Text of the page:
At very high temperatures, severe cellular injury and even death may occur within minutes or even seconds (due to denaturation and/or aggregation of proteins), while at moderately high temperatures, injures or death may occur only after long-term exposure (due to disruptions in basic metabolic processes). The adverse effects of overheating are directly noticeable. The morphological symptoms of heat stress include scorching of leaves and twigs, sunburns on leaves, branches and stems, leaf senescence and abscission, shoot and root growth inhibition, fruit discoloration and damage, and reduced yield. Cell size reduction, closure of stomata and curtailed water loss is observed at the tissue and cellular level. At the sub-cellular level, major modifications occur in chloroplasts (changing the structural organization of thylakoids, loss of grana stacking or its swelling) (Wahid et al. 2007; Mitra and Bhatia 2008). In vascular land plants, the negative consequences of elevated temperature are often related to secondary stress, namely a negative water balance (leading to the perturbation of many physiological processes) due to intensive leaf transpiration during daytime. Under field conditions, high temperature stress is frequently associated with reduced water availability (higher during daytime than at night). Heat stress may secondarily induce oxidative stress via the generation and the reactions of activated oxygen species (Xu et al., 2006, Almeselmani et al. 2006).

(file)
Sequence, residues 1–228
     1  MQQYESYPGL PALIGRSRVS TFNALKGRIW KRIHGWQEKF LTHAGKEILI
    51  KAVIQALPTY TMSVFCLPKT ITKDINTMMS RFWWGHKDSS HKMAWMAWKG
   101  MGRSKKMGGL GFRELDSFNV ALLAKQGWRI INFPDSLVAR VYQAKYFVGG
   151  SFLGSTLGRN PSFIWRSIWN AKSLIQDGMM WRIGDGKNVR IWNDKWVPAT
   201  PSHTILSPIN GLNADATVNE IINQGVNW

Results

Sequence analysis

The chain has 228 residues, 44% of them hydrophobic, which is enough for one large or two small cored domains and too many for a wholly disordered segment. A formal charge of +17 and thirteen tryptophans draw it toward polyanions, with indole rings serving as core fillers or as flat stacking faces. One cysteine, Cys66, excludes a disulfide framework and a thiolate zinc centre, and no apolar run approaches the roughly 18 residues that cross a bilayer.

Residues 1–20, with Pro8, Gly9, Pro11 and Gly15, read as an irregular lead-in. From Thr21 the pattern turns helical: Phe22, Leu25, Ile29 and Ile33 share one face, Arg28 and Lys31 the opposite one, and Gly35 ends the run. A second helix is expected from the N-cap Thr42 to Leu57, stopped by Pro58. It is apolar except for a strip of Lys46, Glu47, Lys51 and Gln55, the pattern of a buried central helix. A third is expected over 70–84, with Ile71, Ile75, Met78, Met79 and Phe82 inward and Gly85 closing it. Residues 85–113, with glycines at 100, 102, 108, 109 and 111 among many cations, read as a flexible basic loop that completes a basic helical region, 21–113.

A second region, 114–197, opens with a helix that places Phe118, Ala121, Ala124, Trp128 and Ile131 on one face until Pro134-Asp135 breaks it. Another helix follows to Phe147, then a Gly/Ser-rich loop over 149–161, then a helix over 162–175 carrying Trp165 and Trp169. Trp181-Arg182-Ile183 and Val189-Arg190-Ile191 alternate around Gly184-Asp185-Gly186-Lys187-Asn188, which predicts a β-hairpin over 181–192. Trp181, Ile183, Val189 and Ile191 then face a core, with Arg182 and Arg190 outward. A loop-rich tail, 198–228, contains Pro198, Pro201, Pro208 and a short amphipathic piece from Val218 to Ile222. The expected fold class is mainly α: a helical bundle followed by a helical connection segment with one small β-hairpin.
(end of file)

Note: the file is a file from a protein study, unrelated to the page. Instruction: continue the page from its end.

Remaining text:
Metabolic pathways and processes show varied sensitivity to temperature which may result in a deficit or an excess of selected metabolites. It is generally believed that the processes taking place in membranes are most sensitive to temperature change. A heat-induced increase in membrane liquidity (either by denaturation of proteins or an increase in unsaturated fatty acids) and changes in reactions between lipid and protein components impair membrane functions (Savchenko et al. 2002, Whaid et al. 2007), including the functioning of ion and water channels, ion transporters, metabolite transport, energy generation and other processes. Ion leakage from the cell is observed, photosynthesis and respiration are also impaired (Whaid et al. 2007; Wang et al. 2009). It has also been suggested that changing membrane fluidity plays a central role in sensing (plant thermometer) and influencing gene expression both under high and low temperatures (Plieth, 1999). Photochemical reactions in thylakoid lamellae and carbon metabolism in the stroma of chloroplast have been suggested as the primary sites of injury at high temperatures (Yang et al. 2006, Wang et al. 2009). Thylakoid membranes are particularly sensitive to high temperature, and this especially applies to photosystem II whose activity is greatly reduced or even partially stopped under high temperatures (Salvucci and Crafts-Brandner 2004, Camejo et al. 2005; Marchand et al. 2005). High temperature has a greater influence on the photosynthetic capacity of C3 plants than C4 plants (Crafts-Brandner and Salvucci 2002). Heat shock reduces the amount of photosynthetic pigments (Wang et al. 2009), soluble proteins, rubisco binding proteins (RBP), large-subunits (LS) and small-subunits (SS) of rubisco in darkness but increases them in light (Kepova et al. 2005). Moreover, heat stress greatly affects starch and sucrose synthesis, as demonstrated by the reduced activity of sucrose phosphate synthase, ADP-glucose pyrophosphorylase and invertase (Wahid et al. 2007, Sumesh et al. 2008). In any plant species, the ability to sustain leaf gas exchange under heat stress is directly correlated with heat tolerance. During the vegetative stage, high daytime temperature can cause damage to compensated leaf photosynthesis, reducing CO2 assimilation rates (Crafts-Brander and Salvucci, 2002; Morales et al., 2003). Photosynthesis is more sensitive to heat than dark respiration which could have additional consequences under prolonged stress, including the depletion of carbohydrate reserves and plant starvation (Sumesh et al. 2008). Heat stress rapidly increases selected phytohormone levels, including abscisic acid (ABA), ethylene and salicylic acid, and it decreases cytokinin and gibberellin concentrations (Dat et al. 2000, Talanova et al. 2003, Larkindale and Huang 2004). The overlapping effects of the above changes in hormone levels speed up plant ageing.